Can You Hear Me Now?
May 22, 2015
by Tim Schenck
When they had finished breakfast, Jesus said to Simon Peter, ‘Simon son of John, do you love me more than these?’ He said to him, ‘Yes, Lord; you know that I love you.’ Jesus said to him, ‘Feed my lambs.’ A second time he said to him, ‘Simon son of John, do you love me?’ He said to him, ‘Yes, Lord; you know that I love you.’ Jesus said to him, ‘Tend my sheep.’ He said to him the third time, ‘Simon son of John, do you love me?’ Peter felt hurt because he said to him the third time, ‘Do you love me?’ And he said to him, ‘Lord, you know everything; you know that I love you.’ Jesus said to him, ‘Feed my sheep.
We are a thick-headed people — at least when it comes to receiving messages. This isn’t an evil thing, but a human thing. We need to hear the same message over and over again before it sinks in.
Advertisers figured this out long ago. We aren’t given a single shot to hear the McDonald’s jingle. We’re bombarded with it until it’s embedded into the deep recesses of our brains and we’re convinced that we are, indeed, “Lovin’ it.”
So did politicians. We don’t receive a single mailing about a candidate’s credentials. We’re pummeled with radio and TV spots, billboards, bumper stickers, e-mails, and candidates are told by their handlers to stay “on message” at all times.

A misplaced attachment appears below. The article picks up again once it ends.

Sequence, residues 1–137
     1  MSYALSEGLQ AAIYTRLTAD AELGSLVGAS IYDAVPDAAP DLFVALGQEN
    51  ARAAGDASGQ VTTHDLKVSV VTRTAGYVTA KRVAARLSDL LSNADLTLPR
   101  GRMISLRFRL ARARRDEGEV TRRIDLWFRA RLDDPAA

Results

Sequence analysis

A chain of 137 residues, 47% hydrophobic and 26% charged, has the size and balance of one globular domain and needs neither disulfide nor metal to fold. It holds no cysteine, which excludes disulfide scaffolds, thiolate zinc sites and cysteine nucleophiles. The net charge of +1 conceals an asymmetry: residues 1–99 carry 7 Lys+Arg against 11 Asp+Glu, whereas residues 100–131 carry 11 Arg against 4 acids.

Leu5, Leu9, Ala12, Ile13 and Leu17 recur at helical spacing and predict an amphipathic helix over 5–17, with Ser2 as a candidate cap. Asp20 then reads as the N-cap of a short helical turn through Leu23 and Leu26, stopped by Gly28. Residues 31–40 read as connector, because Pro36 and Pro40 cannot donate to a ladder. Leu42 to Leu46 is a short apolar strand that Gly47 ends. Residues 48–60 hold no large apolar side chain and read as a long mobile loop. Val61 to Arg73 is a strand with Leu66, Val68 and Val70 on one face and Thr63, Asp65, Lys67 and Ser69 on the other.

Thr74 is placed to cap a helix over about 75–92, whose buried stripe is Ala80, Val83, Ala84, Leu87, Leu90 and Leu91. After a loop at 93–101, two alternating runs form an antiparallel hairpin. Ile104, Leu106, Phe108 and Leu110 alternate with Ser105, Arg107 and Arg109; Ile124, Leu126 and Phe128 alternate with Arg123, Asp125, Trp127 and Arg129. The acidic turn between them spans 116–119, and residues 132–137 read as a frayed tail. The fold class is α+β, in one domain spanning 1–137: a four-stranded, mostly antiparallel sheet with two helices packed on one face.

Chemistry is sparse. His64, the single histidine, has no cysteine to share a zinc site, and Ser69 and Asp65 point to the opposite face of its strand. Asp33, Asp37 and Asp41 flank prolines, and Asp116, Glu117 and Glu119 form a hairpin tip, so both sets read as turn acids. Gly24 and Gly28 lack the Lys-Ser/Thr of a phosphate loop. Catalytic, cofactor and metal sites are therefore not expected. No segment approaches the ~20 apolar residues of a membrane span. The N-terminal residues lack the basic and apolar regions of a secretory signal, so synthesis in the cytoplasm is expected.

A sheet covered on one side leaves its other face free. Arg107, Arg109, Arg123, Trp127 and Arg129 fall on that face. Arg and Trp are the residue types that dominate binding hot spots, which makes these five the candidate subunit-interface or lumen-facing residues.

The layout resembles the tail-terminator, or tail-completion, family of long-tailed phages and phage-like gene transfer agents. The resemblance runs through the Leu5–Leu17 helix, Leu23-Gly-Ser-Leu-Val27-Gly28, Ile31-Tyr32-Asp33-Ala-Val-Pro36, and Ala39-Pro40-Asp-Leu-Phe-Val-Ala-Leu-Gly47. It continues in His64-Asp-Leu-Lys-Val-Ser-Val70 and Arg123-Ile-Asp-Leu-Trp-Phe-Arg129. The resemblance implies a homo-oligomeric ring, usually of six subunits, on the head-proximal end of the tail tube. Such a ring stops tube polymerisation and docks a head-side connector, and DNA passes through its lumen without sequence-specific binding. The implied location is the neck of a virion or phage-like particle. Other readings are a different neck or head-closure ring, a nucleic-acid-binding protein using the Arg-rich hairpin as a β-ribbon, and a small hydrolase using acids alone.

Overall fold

Jesus knows this as well. Which is why he asks Peter three times whether he loves him and tells him three times to feed his sheep. He wants the message to sink in. He wants the message to enter deep into Peter’s soul. And the only way for this to happen is to say it over and over and over again.
When it comes to truly taking something to heart, repetition is important. If you listen to the readings from John throughout Eastertide — both his gospel and epistles — you start to discern that Jesus might just want us to learn something about love. All that talk about abiding in love and loving others and God is love and love casts out fear and love is perfected in us and, oh by the way, did I mention that you should love one another as I have loved you?
All this love talk is repetitive because it matters. And it’s a message we need to hear again and again and again.
It’s also something we need to practice. When my second grade teacher handed me that sheet bearing the multiplication tables, I thought I’d never learn them all. But you chip away at it and eventually they stick. I was never a great math student (fortunately in my vocational life I only need to count to three), but I did know my multiplication tables and still do. They’ve stayed with me over the years because of the repetition — at home and on quizzes.
In the same way, we need to internalize Jesus’ message of unconditional love — for ourselves and others — by hearing it often and anew.
Why not learn a prayer by heart today? There are many brief, beautiful prayers in the Book of Common Prayer. Spend the time it takes to commit it to memory. Let it seep deep into your soul so it’s always accessible. Then pray it — over and over again!